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Opportunities abound offshore Brazil, but foreign investors need to have a solid plan in place.
Recent discoveries of fossil fuel reserves in the ultra-deepwater Santos, Campos, and Espirito Santo basins have opened a new frontier for Brazil’s oil and gas industry. Based on results of more than 30 exploratory wells, presalt reservoirs are predicted to be of a magnitude of 50 Bbbl to 100 Bbbl or more. This discovery has established a new status for Brazil in the international oil and gas market, expanding its proven reserves and doubling its production capacity. Investments of more than US $250 billion in the presalt fields are scheduled to be made by 2020.
As with any new opportunity, there are challenges to overcome in connection with the development of these vast reserves. At the outset, there are significant logistical and infrastructure demands to be met. For example, processing and transportation systems must be developed to serve oil and natural gas production at distances of nearly 300 km (200 miles) from shore. Toward that end, Petrobras is currently studying and analyzing options such as support bases, ocean terminals, and remote operation centers.
Although Brazil’s oil and gas resources offer attractive inbound investment opportunities, certain hurdles remain to achieve success. Ernst & Young member firms have assisted a variety of investors and companies in connection with investments into the presalt fields and have identified three key issues that deserve significant consideration and planning.
1. Labor arrangements;
2. Navigating tax and regulatory regimes; and
3. Meeting local content requirements and containing costs.
One of Brazil’s major bottlenecks is the shortage of skilled labor. The number of technicians and engineers in Brazil is not enough to cope with increasing labor needs created by the presalt opportunity. Foreign workers face problems when applying for work visas and may encounter tax issues, such as taxation by multiple countries, as they work in Brazil.
Successful companies have adopted plans for training in-country teams and transferring corporate knowledge effectively. To tackle the potential double taxation burden for expatriates, companies should carefully analyze and plan for the transfer of personnel beforehand, anticipating business needs. When the opportunity to prospectively plan for the movement of personnel is not feasible, many employers typically put in place and follow “tax equalization” policies or certain other tax protection mechanisms. Under any scenario, the impact of Brazilian taxes (corporate, transfer tax, and others), as well as potential taxes that could be imposed by other jurisdictions, should be carefully considered and factored into the overall project cost.
Tax and regulatory uncertainties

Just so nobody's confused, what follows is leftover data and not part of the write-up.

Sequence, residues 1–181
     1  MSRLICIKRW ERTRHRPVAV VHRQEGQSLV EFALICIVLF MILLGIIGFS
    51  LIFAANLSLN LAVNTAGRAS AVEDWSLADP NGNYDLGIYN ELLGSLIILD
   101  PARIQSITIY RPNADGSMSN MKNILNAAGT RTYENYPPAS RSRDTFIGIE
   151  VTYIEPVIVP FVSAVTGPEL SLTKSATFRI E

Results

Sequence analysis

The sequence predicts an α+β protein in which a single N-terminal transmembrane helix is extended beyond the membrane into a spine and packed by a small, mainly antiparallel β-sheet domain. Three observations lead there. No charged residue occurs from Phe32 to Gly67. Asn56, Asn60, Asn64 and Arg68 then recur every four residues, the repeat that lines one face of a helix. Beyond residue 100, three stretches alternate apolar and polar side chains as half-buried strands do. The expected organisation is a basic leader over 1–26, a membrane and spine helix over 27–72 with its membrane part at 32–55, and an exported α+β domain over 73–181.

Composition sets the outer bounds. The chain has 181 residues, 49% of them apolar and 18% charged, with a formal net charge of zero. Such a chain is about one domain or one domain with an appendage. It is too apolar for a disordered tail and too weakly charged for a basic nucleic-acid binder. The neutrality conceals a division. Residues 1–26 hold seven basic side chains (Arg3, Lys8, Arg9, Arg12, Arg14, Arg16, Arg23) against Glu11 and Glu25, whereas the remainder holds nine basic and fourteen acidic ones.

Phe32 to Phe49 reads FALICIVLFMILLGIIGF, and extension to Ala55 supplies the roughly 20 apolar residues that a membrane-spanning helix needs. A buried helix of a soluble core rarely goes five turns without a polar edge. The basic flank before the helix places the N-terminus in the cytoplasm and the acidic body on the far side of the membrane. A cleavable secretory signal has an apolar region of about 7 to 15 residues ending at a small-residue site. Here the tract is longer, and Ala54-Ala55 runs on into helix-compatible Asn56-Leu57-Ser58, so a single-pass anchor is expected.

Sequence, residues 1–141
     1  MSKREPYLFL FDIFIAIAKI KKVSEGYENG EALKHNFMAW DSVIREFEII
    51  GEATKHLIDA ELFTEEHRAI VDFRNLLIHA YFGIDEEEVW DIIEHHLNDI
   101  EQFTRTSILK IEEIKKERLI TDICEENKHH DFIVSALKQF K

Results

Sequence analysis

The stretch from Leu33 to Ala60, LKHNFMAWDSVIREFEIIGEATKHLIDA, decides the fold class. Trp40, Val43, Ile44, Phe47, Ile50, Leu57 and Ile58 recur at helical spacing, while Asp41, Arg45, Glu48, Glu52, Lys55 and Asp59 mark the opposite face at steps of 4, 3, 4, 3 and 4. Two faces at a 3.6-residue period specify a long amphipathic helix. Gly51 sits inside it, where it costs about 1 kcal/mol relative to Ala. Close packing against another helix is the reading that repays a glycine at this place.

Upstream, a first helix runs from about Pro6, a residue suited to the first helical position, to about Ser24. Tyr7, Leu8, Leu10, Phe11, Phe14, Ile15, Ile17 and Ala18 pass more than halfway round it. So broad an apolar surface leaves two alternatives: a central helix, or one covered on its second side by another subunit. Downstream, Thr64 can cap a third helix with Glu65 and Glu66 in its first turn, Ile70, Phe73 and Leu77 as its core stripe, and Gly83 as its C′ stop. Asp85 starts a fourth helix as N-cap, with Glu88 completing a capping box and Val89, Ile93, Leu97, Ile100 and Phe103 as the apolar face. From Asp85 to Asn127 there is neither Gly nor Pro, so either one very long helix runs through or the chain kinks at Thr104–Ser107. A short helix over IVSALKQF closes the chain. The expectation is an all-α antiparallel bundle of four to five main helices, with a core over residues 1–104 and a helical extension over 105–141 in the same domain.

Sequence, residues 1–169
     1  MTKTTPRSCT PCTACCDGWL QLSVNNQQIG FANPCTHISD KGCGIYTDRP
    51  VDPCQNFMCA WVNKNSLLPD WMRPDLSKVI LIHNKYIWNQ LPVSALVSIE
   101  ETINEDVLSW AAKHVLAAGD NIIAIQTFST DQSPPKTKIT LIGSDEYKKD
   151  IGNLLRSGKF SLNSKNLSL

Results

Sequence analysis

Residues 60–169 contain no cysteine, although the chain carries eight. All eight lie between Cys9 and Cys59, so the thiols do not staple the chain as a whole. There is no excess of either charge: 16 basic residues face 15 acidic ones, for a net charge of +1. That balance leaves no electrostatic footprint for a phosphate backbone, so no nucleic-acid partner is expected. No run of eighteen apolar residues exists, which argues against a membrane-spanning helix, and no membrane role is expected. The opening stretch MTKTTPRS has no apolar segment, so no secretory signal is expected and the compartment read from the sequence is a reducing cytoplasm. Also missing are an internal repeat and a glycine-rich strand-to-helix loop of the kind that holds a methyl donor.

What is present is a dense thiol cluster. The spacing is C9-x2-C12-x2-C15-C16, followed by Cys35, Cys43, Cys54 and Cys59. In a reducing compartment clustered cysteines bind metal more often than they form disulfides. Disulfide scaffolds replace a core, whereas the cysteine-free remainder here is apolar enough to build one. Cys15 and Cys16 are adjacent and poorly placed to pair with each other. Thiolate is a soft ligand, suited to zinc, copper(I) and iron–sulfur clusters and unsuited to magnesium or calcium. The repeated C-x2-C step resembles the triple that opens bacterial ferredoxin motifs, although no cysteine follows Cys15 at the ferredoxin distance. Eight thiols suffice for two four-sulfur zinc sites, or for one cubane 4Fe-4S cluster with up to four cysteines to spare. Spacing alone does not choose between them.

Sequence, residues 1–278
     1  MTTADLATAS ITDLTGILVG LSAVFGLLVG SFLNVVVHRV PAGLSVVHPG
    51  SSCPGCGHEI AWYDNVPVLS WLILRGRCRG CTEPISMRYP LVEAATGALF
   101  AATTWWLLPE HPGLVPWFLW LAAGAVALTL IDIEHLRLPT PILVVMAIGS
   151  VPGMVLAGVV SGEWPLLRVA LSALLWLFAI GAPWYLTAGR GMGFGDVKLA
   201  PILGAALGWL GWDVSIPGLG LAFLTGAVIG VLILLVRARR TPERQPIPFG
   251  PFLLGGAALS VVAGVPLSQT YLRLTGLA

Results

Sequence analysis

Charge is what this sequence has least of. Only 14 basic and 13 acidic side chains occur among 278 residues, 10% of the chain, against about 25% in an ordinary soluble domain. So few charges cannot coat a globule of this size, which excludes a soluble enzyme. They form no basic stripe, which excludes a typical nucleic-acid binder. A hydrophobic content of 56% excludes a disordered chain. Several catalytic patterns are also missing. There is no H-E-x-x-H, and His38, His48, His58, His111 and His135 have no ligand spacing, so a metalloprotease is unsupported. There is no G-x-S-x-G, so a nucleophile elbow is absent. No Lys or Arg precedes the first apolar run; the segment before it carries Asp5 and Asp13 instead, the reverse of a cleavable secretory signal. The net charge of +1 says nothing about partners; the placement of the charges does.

Another key issue with investing in Brazil is the impact (and potential uncertainty) of Brazil’s indirect taxes. For example, under current Brazilian law, a state tax on goods and services (ICMS), which is roughly equivalent to a traditional value-added tax, can apply to certain activities in Brazil. Specifically with respect to the ICMS, however, the lack of detail and consistency in the application of current legislation leaves companies ill-equipped to maximize potential tax credits.
Such uncertainty (in both impact and application) reinforces the demand for risk management and sound fiscal guidance as a way to maximize the value of invest- ments and provide assurance to investors. It is crucial that companies operating in Brazil are fully apprised of and can comply with the applicable rules to avoid potential tax contingencies.
Local content and cost
Brazil has recently enacted legislation effectively requiring the use of local goods and services. The requirements of these newly established “local content” laws, which are primarily aimed at generating economic stimulus in Brazil, have enhanced concerns among oil and gas companies about the ability of domestic suppliers to meet demand and compete on price and quality in an international marketplace. Quotas for domestically produced supplies and equipment, as well as domestic services, can ultimately result in additional short-term costs – whether due to the absence of economies of scale among the suppliers, the need to dilute the investment by expanding local production, or the need to amortize the R&D necessary to develop solutions for presalt operations.
In addition to the potential incremental costs to oil and gas operators of compliance with the local content laws, Brazil’s oil and gas industry faces clear signs of inflationary pressures due, in part, to the rise in price for certain commodities such as steel, which has increased the cost of the main assets associated with significant capital projects. To mitigate risks with respect to profitability, companies should analyze and optimize personnel and administrative costs, logistics costs, and resource sharing, as well as consider the use of a shared service center.
Labor arrangements, navigating Brazil’s tax and regulatory framework, and the requirement to meet local content requirements represent pressing issues facing oil and gas operators in Brazil today; however, with the right guidance and proper planning, none are insurmountable. Properly structured, the recent discoveries in Brazil offer an extraordinary opportunity for foreign investors.
The views expressed herein are those of the author and do not necessarily reflect the views of Ernst & Young LLP.